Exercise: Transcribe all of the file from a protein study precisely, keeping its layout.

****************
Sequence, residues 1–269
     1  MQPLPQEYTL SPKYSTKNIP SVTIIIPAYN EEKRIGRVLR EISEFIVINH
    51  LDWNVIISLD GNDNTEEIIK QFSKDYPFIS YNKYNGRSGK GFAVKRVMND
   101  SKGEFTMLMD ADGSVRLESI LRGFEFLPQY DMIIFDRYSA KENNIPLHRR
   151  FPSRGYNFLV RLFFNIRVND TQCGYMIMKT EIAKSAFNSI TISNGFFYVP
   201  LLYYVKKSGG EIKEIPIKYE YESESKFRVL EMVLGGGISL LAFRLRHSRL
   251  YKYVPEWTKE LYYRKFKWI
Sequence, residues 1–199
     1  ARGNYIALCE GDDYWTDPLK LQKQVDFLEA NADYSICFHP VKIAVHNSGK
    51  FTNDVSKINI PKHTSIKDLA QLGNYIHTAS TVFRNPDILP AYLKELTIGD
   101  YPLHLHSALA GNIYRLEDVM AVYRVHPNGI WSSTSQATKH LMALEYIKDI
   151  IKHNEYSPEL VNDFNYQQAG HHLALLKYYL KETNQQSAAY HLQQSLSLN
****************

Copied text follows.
Sequence, residues 1–269
     1  MQPLPQEYTL SPKYSTKNIP SVTIIIPAYN EEKRIGRVLR EISEFIVINH
    51  LDWNVIISLD GNDNTEEIIK QFSKDYPFIS YNKYNGRSGK GFAVKRVMND
   101  SKGEFTMLMD ADGSVRLESI LRGFEFLPQY DMIIFDRYSA KENNIPLHRR
   151  FPSRGYNFLV RLFFNIRVND TQCGYMIMKT EIAKSAFNSI TISNGFFYVP
   201  LLYYVKKSGG EIKEIPIKYE YESESKFRVL EMVLGGGISL LAFRLRHSRL
   251  YKYVPEWTKE LYYRKFKWI
Sequence, residues 1–199
     1  ARGNYIALCE GDDYWTDPLK LQKQVDFLEA NADYSICFHP VKIAVHNSGK
    51  FTNDVSKINI PKHTSIKDLA QLGNYIHTAS TVFRNPDILP AYLKELTIGD
   101  YPLHLHSALA GNIYRLEDVM AVYRVHPNGI WSSTSQATKH LMALEYIKDI
   151  IKHNEYSPEL VNDFNYQQAG HHLALLKYYL KETNQQSAAY HLQQSLSLN